I originally wrote this in 2006… but given the approaching anniversary, I have updated these words slightly and decided to share them again with you today…
I was not feeling well that morning.
I couldn't quite figure out what was wrong with me, but whatever it was, I decided to call my doctor and see if she could fit me in. Unfortunately, the office was not yet open, and I decided to head into work anyway, and called the office to let them know I might be a few minutes late. I ran out of my apartment and headed for the subway.
Looking at my watch, it was 9:00 on the dot. I was going to be late, but not by too much. I was only two blocks away. The thing about living in New York is that people are always on their cellphones and talking loudly, and nobody really pays too much attention to the people around them, especially when you're in a hurry.
Still, I couldn't help but notice that EVERYONE was on a cellphone and all were looking in the same direction, and pointing, and standing still. I turned around to see what all the commotion was about and saw a large plume of dark smoke pouring out from a ways behind Chase Manhattan Plaza. From where I was standing, only the South Tower was visible, and I merely assumed there was a large fire in a building somewhere. So, I kept walking and reached the corner of Pine Street and ordered my usual morning bagel and coffee from the street vendor.
That's when the world changed for me.
It was 9:03.
First came the sound.
Take a piece of paper and tear it in half. Now magnify that sound by about one hundred thousand and have it increase in volume as it comes closer and closer to you.
My arm fully extended, my hand still held one end of the dollar bill. The vendor held the other end of the bill, as our heads turned in unison and watched the plane fly into the building. The explosion. The bits of paper falling from the sky. I remember standing there for a minute or two trying to wrap my head around what I had just witnessed. And then I walked towards the water, following a little voice in my head that told me that the building was going to fall.
Cellphones were now useless, and I could not get through to my wife, who was working in what was now the tallest building in the area that wasn't already on fire. I circled back towards the subway station and heard President Bush on a car radio saying the country had suffered an "apparent terrorist attack". It was 9:30, although I could have sworn only a few minutes had passed.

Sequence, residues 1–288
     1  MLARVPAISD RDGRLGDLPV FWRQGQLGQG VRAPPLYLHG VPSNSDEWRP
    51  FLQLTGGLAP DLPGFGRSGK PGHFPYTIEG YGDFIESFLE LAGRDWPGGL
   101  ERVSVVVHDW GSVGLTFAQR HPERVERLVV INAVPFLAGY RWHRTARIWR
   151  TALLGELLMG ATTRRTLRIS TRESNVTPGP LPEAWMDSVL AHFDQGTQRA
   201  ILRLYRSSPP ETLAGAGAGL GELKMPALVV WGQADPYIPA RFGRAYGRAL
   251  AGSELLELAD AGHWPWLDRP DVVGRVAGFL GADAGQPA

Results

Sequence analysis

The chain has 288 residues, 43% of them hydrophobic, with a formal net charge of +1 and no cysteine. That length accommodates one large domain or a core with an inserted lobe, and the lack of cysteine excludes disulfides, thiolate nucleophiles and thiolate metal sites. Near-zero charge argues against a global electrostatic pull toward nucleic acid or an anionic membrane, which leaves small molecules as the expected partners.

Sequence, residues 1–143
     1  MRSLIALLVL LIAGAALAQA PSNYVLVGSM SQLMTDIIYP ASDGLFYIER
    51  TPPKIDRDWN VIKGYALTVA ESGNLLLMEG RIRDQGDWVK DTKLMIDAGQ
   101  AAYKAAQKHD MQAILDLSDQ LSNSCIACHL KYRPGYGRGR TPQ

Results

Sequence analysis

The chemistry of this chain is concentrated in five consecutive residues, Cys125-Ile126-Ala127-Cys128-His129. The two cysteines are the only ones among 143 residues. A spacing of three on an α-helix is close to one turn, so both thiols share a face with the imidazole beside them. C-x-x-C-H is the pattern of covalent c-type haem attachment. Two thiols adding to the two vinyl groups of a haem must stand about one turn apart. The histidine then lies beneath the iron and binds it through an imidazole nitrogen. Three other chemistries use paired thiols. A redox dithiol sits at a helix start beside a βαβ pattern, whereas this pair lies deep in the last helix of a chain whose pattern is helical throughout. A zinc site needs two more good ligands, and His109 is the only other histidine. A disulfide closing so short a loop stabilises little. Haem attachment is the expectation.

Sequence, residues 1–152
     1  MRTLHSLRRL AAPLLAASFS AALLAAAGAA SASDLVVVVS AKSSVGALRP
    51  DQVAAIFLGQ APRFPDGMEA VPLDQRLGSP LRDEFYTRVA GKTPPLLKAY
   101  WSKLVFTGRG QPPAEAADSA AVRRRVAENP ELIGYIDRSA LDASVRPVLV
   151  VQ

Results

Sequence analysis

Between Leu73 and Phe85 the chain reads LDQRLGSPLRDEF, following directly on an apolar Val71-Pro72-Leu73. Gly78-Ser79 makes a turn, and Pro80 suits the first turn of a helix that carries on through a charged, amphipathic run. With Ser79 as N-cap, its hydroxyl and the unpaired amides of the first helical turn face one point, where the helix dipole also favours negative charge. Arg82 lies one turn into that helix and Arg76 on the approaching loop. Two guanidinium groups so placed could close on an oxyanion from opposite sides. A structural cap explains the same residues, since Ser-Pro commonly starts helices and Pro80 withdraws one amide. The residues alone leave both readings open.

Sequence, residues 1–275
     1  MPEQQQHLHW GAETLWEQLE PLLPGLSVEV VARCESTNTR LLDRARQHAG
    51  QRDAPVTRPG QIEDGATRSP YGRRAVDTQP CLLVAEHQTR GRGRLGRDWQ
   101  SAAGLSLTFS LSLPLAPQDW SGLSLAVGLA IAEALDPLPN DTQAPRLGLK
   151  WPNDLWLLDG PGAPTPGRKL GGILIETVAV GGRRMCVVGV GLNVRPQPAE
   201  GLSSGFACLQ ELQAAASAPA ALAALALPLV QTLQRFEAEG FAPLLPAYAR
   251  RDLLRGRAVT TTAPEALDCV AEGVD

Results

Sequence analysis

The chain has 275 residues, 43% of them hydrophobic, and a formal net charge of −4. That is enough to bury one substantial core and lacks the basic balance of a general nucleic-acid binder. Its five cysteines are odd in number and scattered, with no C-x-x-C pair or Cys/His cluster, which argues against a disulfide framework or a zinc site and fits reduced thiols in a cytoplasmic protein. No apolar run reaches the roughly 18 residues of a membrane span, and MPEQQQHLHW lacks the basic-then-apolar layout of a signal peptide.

The conductor came up out of the subway station to the street and screamed, "Last train to Brooklyn" and I instinctively got on. Standing on that particular street corner was not going to be a safe place to be.
I got home in time to watch the first tower collapse on TV. That video of the giant cloud of smoke and debris surging around the corner of a building… my wife's building… time stood still.
The rest of the day, the week, is a blur. We had to leave the city for a time because the smoke from what was now called Ground Zero was constantly seeping in under our apartment door. Even when we returned to our jobs weeks later, the air was thick with the acrid smell and the twisted charred metal served as a constant reminder of the tragedy.
We were not sleeping. We needed to leave. We put a bid in on a house in South Jersey in December and moved away at the end of February.
These were the lemons we were dealt.
Ten years have passed. But it feels an awful lot closer. Had it not been for that day, though, my wife and I would probably still be in New York, and most likely would have decided not to raise a child in that environment.
As my son boarded the bus this morning for his third day of first grade, he stopped for a moment and turned to give me a hug, just because. I can truly say, he is the sweetest lemonade there could ever be.
Hug your kids. Call your parents. Take a moment to reflect. Then make yourself some lemonade.
"A man builds a city with banks and cathedrals. A man melts the sand so he can see the world outside. A man makes a car and builds roads to run them on. A man dreams of leaving, but he always stays behind."
Dedicated to the memory of Craig Staub and Gopal Varadhan, two of the many who died that day.